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Meet the agent helping her community as a temporary supermarket key worker

Debbie Johnson delivers groceries to vulnerable and elderly people in her community
Debbie Johnson delivers groceries to vulnerable and elderly people in her community

Midcounties Co-operative travel agent Debbie Johnson recently chose to take temporary work at Co-op’s food division. She speaks to TTG about making the switch

Midcounties Co-operative travel agent Debbie Johnson has temporarily swapped booking holidays for manning supermarket tills, stacking shelves and delivering food to vulnerable elderly customers after signing up to work in Co-op’s food division during lockdown.

 

Debbie, who has worked for Midcounties Co-op for more than six years and who up until three weeks ago worked across two agencies in Bloxwich and Walsall, decided to make the change after the company announced agents could work in different sectors of the business while its agencies closed due to coronavirus lockdown.

 

Agents were also given the option to go on furlough or to work from home.

 

Debbie, who now works at Co-op Food in Bloxwich, explains her decision: “Personally I would have struggled to sit at home. My son is currently on furlough as he works for a brewery and my husband is retired, so all three of us would have been at home.

 

“I have elderly parents too and they’re not in the best of health so working has taken my mind off not being able to see them.”

 

She adds that joining the supermarket as a key worker has allowed her to feel more involved in helping others during the coronavirus crisis. “It’s nice to feel useful in this situation. We all feel a bit out of control, so it’s good to be able to help in a little way.”

Adapting to change

Debbie says the biggest change has been adapting to the physical nature of supermarket work. “It’s really hard work compared to an office job. I thought my legs would drop off after the first few days,” she laughs.

 

Debbie has seen some familiar faces since working at the supermarket too. “I’ve bumped into clients. Some of them were really surprised to see me there. They might then ask me about their holidays and I can reassure them that [the agency is] still operating even though the shop is shut and that my colleagues can still help.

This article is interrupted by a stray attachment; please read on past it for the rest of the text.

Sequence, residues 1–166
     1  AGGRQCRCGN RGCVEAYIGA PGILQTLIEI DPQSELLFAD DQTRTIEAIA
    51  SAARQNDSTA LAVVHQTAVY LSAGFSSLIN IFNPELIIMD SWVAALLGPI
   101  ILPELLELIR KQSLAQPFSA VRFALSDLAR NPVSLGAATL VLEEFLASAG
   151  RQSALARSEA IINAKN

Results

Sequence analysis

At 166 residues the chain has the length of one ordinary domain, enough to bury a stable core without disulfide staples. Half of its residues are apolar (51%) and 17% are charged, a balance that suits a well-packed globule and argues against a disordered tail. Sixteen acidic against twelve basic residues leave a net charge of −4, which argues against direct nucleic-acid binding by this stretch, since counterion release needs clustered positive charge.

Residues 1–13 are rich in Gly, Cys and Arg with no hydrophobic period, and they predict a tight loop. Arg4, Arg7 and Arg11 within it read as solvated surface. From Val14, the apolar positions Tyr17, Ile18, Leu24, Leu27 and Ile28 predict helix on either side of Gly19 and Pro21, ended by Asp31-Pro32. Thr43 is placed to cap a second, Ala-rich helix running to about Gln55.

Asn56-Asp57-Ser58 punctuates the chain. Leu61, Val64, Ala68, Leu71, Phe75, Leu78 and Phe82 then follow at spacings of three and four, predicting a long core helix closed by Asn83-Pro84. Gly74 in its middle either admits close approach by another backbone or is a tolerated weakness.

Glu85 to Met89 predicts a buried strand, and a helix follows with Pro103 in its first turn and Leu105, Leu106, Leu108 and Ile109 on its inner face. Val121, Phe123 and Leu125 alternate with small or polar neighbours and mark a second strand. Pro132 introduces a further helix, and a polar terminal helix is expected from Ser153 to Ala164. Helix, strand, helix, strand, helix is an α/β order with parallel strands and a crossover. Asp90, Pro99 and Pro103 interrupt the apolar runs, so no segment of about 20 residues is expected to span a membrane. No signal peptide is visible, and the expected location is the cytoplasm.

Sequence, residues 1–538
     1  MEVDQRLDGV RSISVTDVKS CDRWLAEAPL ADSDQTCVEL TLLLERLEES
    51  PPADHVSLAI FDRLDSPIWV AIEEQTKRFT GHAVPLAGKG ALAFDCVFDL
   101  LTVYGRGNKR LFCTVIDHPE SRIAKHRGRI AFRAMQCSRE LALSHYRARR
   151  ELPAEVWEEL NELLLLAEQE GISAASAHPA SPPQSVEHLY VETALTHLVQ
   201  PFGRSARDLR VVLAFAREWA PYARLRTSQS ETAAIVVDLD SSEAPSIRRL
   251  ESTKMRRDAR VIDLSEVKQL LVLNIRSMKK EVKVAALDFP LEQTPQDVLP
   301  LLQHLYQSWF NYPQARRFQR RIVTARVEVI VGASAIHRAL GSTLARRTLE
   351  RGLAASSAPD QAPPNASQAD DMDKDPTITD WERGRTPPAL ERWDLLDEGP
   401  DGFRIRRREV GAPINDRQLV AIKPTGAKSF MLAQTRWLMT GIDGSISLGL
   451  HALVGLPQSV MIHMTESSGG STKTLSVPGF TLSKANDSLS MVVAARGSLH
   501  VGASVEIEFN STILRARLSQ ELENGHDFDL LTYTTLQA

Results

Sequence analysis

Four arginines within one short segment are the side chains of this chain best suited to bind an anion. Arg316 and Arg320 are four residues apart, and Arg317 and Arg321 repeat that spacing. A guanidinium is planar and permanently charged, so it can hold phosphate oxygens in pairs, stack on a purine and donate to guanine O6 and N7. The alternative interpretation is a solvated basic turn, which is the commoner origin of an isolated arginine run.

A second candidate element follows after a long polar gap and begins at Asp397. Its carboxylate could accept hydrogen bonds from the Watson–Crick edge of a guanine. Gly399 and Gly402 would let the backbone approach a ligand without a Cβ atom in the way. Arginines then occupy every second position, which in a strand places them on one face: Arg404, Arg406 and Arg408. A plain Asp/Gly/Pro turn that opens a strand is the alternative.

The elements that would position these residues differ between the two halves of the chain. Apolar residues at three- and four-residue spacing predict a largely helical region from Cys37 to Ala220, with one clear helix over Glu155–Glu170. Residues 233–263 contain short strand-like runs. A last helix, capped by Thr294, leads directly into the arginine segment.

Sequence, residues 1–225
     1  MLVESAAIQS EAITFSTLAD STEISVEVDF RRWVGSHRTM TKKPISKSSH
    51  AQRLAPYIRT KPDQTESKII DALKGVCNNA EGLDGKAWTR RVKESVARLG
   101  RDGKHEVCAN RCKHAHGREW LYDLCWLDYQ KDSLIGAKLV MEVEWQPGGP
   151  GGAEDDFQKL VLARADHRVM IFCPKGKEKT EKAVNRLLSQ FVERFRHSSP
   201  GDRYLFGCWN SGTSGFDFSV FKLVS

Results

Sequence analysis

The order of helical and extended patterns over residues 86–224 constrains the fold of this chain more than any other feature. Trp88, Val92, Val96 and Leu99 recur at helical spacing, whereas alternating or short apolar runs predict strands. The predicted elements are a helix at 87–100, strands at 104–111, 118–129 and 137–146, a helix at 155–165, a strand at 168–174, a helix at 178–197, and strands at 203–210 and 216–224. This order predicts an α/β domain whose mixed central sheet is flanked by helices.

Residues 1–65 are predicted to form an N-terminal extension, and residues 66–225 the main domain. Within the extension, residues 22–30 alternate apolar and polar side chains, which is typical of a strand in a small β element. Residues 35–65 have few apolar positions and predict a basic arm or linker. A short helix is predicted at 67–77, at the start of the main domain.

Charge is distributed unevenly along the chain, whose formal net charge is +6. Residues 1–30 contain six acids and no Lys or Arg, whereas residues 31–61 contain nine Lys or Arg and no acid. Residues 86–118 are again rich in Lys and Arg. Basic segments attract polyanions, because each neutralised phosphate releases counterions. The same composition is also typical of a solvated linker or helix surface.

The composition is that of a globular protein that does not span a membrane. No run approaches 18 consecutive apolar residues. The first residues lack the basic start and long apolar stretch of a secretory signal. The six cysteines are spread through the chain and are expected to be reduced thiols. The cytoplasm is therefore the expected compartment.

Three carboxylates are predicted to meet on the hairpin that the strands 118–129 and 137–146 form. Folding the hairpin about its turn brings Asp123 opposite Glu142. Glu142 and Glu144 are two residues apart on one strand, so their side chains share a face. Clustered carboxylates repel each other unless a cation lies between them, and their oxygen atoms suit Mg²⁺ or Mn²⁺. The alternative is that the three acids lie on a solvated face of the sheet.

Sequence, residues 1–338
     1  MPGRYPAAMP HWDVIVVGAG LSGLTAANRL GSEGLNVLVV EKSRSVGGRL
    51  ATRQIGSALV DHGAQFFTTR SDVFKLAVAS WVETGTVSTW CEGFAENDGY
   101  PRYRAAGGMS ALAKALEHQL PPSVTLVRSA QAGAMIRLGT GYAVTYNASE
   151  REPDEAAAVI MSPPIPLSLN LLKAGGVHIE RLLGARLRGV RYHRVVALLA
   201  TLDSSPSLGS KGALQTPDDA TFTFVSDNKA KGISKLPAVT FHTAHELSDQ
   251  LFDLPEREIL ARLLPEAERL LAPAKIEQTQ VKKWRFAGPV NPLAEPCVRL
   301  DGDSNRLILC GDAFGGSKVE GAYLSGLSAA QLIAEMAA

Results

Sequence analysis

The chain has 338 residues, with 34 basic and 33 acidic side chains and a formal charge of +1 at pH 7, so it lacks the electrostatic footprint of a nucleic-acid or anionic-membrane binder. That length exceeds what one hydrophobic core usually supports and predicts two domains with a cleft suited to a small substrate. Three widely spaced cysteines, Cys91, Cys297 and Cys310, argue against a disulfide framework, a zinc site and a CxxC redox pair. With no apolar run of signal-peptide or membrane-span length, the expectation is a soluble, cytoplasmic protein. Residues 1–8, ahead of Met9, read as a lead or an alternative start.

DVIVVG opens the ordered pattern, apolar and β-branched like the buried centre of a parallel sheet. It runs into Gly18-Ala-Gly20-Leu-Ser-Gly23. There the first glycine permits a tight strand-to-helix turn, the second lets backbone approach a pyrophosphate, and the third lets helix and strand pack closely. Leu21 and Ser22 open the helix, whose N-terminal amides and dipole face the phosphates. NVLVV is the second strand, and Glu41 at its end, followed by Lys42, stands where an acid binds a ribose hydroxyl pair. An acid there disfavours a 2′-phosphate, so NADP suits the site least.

Customer is king

Despite the differences between the two jobs, Debbie says some of her skills are transferrable. “The customer service skills always stay with you.”

 

She adds that customers have largely been very encouraging about the hard work she and her new colleagues are doing at the supermarket. “My experience has been positive – I’ve had lots of people thanking me for what we’re doing to keep the supermarkets open, especially older people. They’ve been very appreciative.”

 

In what are tricky times for everyone, Debbie adds that the new temporary job has given her a fresh perspective, and she advises other agents thinking about temporary supermarket work to do it.

 

“You get a lot out of it. I’ve been in travel for more than 30 years now so you get used to your routine and you don’t always have to think outside the box.

 

“Now I’m in a new environment where I’m the new girl and it’s surprised me how much I know already from travel. I can work a till, I can speak to customers and explain things to them ­– and I can make them smile.”

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TTG - Travel Trade Gazette
For Smarter, Better, Fairer Travel
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